3. Atkins L, Francis J, Islam R, O’Connor D, Patey A, Ivers N, Foy R, Duncan EM, Colquhoun H, Grimshaw JM, Lawton R. A guide to using the Theoretical Domains Framework of behaviour change to investigate implementation problems. Implementation science. 2017 Dec;12(1):1-8.
  4. Hunter SC, Kim B, Mudge A, Hall L, Young A, McRae P, Kitson AL. Experiences of using the i-PARIHS framework: a co-designed case study of four multi-site implementation projects. BMC health services research. 2020 Dec;20(1):1-4.
  5. Roberts NA, Janda M, Stover AM, Alexander KE, Wyld D, Mudge A. The utility of the implementation science framework “Integrated Promoting Action on Research Implementation in Health Services”(i-PARIHS) and the facilitator role for introducing patient-reported outcome measures (PROMs) in a medical oncology outpatient department. Quality of Life Research. 2021 Nov;30(11):3063-71.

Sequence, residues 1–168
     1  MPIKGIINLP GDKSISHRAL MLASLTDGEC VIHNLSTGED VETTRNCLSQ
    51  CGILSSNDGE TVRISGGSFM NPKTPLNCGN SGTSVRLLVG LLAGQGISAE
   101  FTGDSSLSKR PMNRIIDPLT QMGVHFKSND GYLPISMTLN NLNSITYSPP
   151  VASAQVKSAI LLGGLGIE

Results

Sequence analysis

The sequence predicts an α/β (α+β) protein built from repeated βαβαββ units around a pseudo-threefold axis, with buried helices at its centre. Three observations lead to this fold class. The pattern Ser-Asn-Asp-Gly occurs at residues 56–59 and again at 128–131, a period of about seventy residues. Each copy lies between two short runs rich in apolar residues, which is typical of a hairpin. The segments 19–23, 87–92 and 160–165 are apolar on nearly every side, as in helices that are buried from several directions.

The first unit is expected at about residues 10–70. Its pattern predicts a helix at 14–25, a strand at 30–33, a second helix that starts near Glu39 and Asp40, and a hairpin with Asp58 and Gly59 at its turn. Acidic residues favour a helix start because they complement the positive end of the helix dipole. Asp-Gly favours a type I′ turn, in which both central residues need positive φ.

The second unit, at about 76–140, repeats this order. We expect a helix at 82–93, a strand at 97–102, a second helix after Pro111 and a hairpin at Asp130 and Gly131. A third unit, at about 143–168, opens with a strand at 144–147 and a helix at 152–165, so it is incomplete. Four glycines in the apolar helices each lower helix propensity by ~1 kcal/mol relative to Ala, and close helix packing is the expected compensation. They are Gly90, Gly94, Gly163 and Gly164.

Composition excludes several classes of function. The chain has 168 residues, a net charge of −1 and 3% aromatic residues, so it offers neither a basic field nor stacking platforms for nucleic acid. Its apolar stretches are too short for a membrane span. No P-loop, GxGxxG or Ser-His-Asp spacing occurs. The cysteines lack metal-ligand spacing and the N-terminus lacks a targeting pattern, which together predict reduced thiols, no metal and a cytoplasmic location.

6. Glasgow RE, Vogt TM, Boles SM. Evaluating the public health impact of health promotion interventions: the RE-AIM framework. American journal of public health. 1999 Sep;89(9):1322-7.
  7. Bondarenko J, Babic C, Burge AT, Holland AE. Home-based pulmonary rehabilitation: an implementation study using the RE-AIM framework. ERJ open research. 2021 Apr 1;7(2).
  8. Allen CG, Barbero C, Shantharam S, Moeti R. Is theory guiding our work? A scoping review on the use of implementation theories, frameworks, and models to bring community health workers into health care settings. Journal of public health management and practice: JPHMP. 2019 Nov;25(6):571.
  9. 9.0 9.1 9.2 9.3 Proctor E, Silmere H, Raghavan R, Hovmand P, Aarons G, Bunger A, Griffey R, Hensley M. Outcomes for implementation research: conceptual distinctions, measurement challenges, and research agenda. Administration and policy in mental health and mental health services research. 2011 Mar;38(2):65-76.
  10. Youtube. Theories and Frameworks in Implementation Science | IRL. Available from: https://www.youtube.com/watch?v=fdaTFgX0II0 [last accessed 11/05/2022]
  11. Khadjesari Z, Boufkhed S, Vitoratou S, Schatte L, Ziemann A, Daskalopoulou C, Uglik-Marucha E, Sevdalis N, Hull L. Implementation outcome instruments for use in physical healthcare settings: a systematic review. Implementation Science. 2020 Dec;15(1):1-6.